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Big Changes for 2020

What is 2020 bringing for Alabama tax sale investors? Lots of changes!

Interest rates are dropping to 8 percent across the board, although that was probably not the intent. Some local redemption offices will still allow 12% on auctions that occurred before 2020. The rules are quirky.

Payment for improvements will turn into a logistical nightmare, with taxpayers able to regain possession before they pay for improvements. The intended upside for investors was the “sudden death” provision if the taxpayer misses its deadline to pay, but actual implementation at the county level will change that. The best option for everybody? Get the law changed, again!

The Alabama Department of Revenue has plans to break the logjam caused by the ten-fold increase in price requests, the vast majority of which NEVER turn into a purchase.

Birmingham Land Bank will be selling commercial as well as residential properties. Changes to the process will make it easier to buy in 2020. Right now, they have 22 residential properties already in inventory with warranty deeds and title insurance, for immediate closings upon payment of $3,000 to $4,500. More cities are expected to implement their own local Land Banks, including several in Jefferson County.

Mobile County will join Shelby and Baldwin in switching to tax lien sales, as will several of the smaller counties. Mobile plans to have an online auction rather than the traditional method. As of the date of this blog post, it will be the only one for 2020.

An important new appeals court decision means a redeeming owner will have to pay you the reasonable rental value of tax deed property from the deed date up until the date of redemption, on top of the other redemption charges.

FYI, one of the pre-filed bills for the 2020 legislative session seeks to abolish state sales taxes and income taxes and replace them with an 8.03% consumption tax on all goods and services. It doesn’t have anything to do with tax sales, but I though you’d like to know about it!

If you are interested in details about these and other changes, plus explanations of what they mean to you, your strategies, your new opportunities, and your new perils, please attend one of our classes on “2020 Tax Sale Changes.” The class is 4 hours, but every single minute is important! You can attend in Birmingham or Orange Beach, in person or live over the Internet. Streaming video also available. For details and registration links, click HERE.

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Question of the Week: Insurance

Someone wrote and asked the question, “Where can I find insurance for my tax certificate property?”

I think it will require a work-around. The problem is caused by the fact that you do not yet have ownership. The insurance industry says you do not yet have an “insurable interest.” If the house burns to the ground, you have lost your possession rights, until such time as there might be a redemption. It’s hard to put a price tag on that, to know how much the insurance check should be. You have lost the possibility of maybe owning the property in the future, but that is pretty far-fetched to an insurance company. The easy answer to these difficult questions is for insurance companies to say, “We won’t insure your tax certificates.” Because Alabama is the only state that has the tax certificate and possession format, the market is just not large enough for insurance companies to figure out a risk vs. premium structure.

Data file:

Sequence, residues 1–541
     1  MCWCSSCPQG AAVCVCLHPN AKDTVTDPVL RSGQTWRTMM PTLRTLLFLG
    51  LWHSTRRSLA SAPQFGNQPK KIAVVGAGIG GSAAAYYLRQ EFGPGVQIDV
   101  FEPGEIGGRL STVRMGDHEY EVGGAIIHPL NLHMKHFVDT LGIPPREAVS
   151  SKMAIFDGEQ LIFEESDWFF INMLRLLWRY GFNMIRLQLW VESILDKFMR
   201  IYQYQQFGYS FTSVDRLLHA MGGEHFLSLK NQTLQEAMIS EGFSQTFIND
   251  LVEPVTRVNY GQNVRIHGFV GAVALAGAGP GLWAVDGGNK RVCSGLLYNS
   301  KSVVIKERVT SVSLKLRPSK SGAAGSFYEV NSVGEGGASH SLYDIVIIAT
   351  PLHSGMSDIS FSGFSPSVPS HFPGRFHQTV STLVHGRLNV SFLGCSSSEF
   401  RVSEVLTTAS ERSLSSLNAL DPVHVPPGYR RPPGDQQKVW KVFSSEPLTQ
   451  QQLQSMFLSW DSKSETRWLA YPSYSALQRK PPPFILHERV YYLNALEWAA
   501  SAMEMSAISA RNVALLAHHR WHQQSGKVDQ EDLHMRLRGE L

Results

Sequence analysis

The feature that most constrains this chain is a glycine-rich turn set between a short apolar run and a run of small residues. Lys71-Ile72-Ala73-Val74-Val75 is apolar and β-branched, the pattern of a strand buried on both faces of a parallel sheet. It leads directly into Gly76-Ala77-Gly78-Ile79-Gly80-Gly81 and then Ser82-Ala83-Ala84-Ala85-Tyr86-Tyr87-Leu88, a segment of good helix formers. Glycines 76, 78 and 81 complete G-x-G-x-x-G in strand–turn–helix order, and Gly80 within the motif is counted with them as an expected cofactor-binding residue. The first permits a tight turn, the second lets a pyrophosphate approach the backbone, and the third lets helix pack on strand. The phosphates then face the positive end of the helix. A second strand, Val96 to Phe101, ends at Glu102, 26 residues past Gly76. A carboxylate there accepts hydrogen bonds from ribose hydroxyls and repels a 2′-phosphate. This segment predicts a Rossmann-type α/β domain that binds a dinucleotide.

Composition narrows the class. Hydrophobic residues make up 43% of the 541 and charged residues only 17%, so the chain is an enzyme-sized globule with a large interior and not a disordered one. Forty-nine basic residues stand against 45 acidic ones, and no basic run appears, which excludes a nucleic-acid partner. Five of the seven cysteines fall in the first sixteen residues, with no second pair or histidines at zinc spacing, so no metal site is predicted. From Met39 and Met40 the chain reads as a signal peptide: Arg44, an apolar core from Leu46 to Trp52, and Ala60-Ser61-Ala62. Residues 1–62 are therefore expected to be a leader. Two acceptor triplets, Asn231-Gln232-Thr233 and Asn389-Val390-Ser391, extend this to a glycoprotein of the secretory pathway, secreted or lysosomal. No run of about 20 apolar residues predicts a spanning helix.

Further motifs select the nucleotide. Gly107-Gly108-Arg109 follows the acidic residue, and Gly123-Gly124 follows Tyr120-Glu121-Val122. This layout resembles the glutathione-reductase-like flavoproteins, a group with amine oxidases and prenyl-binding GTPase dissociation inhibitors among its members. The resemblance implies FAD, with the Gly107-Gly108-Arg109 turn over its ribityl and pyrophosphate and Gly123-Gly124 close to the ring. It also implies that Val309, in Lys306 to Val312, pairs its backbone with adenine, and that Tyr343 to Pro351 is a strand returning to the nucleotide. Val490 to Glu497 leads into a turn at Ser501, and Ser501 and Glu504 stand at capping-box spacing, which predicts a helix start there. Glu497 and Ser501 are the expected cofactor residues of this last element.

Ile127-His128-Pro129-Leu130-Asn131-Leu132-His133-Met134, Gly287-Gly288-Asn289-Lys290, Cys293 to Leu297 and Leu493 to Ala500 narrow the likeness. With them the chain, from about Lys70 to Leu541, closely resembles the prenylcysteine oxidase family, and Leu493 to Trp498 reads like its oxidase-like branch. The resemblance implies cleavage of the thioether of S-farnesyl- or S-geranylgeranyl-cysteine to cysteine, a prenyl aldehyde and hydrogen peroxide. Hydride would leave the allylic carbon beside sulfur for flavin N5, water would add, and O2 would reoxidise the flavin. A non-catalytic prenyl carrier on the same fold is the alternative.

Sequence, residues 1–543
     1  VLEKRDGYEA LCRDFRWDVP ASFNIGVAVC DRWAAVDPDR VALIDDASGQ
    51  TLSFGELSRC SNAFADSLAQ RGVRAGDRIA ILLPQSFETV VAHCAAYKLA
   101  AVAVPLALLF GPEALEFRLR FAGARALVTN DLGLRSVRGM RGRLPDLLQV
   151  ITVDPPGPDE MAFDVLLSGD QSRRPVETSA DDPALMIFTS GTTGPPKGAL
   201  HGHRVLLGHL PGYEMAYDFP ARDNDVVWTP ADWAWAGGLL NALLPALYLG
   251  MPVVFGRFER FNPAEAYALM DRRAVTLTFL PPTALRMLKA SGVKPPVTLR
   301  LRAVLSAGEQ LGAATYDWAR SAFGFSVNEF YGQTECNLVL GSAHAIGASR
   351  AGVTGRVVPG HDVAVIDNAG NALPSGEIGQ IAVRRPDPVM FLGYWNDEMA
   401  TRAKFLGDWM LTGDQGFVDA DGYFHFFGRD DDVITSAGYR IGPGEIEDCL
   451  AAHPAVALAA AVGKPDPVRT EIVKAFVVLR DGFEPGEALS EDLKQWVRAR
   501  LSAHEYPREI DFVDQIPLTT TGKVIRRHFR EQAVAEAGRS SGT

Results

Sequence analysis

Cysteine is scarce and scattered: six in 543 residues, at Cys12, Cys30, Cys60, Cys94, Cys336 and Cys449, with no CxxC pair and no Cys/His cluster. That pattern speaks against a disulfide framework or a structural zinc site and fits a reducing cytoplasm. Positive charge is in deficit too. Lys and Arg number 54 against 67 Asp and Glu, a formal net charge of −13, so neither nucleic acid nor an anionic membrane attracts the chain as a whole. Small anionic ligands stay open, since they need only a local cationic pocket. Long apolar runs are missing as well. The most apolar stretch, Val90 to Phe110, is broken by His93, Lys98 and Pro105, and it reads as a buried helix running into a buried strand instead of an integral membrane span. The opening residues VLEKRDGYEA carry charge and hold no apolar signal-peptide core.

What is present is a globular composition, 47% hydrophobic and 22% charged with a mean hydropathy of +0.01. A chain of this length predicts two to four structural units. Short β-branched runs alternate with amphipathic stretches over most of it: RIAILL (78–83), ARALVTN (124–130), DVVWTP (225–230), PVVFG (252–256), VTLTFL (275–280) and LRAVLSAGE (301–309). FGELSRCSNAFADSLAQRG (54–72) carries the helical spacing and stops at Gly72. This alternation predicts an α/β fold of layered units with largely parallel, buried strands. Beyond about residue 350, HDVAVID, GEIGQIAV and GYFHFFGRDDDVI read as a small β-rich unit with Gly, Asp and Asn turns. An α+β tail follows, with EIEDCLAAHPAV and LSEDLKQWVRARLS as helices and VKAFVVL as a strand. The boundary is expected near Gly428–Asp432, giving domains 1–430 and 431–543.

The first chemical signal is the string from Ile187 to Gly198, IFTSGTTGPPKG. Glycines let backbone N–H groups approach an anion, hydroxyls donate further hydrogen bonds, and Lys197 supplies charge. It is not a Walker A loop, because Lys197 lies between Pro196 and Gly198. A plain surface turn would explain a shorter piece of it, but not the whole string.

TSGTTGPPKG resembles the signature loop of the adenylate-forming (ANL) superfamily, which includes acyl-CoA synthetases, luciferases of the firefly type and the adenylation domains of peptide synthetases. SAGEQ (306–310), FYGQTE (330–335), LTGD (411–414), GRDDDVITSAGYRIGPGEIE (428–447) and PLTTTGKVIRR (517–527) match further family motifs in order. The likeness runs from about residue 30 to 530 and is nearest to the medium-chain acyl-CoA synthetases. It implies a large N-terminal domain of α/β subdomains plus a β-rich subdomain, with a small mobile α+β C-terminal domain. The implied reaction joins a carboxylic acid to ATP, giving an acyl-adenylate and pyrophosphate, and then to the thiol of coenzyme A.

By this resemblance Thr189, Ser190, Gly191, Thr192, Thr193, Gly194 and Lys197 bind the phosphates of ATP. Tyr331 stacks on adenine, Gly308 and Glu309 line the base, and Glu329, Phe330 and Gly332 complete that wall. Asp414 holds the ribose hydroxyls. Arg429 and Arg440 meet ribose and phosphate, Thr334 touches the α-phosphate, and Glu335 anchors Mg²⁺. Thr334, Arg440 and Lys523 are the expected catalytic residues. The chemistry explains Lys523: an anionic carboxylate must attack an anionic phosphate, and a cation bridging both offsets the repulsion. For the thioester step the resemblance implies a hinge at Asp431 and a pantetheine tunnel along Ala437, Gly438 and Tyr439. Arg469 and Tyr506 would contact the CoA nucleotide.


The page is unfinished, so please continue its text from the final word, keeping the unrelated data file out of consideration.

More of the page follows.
On the other hand, they do have a lot of nationwide experience with a different kind of delayed ownership situation. That is when someone sells property on a contract for deed or similar arrangement. The buyer does not get a deed until some time in the future, when they’ve made all their payments. Despite that, they are able to buy full value property insurance.

With that in mind, I recommend the following work-around. Acme LLC buys the tax certificate. It then “sells” the property to Jim Acme (sole owner of Acme LLC) on a contract for deed. The contract requires Jim Acme obtain casualty insurance. Jim goes to his insurance agent with his contract for deed and obtains property insurance. Jim should disclose to the agent that it is tax certificate property he is buying. Full disclosure is important with insurance companies. Otherwise, if you have a loss they will claim fraud and refuse to pay your claim.

Note: Big changes are coming in 2020, that can affect the insurance issue. Be sure to attend the class on “2020 Tax Sale Changes” in a city near you, or watch the streaming video. Click HERE for more information.

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Termite Protection as Preservation Improvement

Subterranean Termite Tube Into House

Do not overlook termite protection as a preservation improvement for a tax sale property. There is a foreclosure redemption case that says the redeeming borrower must pay for termite protection.  Durr Drug Co. v. Acree, 241 Ala. 391, 2 So.2d 903 (1941).  Foreclosure redemption includes all “permanent improvements” but that has been defined as any repairs or upgrades. A termite bond is not an upgrade, like adding a bathroom or something. So, it must fall under “repair.”

Because the tax sale “preservation improvements” include repairs, then I think the Durr case is good support for being able to collect them in a tax sale redemption. The statute says “preservation improvements shall mean improvements made to preserve the property by properly keeping it in repair for its proper and reasonable use, having due regard for the kind and character of the property at the time of sale.”  I certainly think termite control qualifies.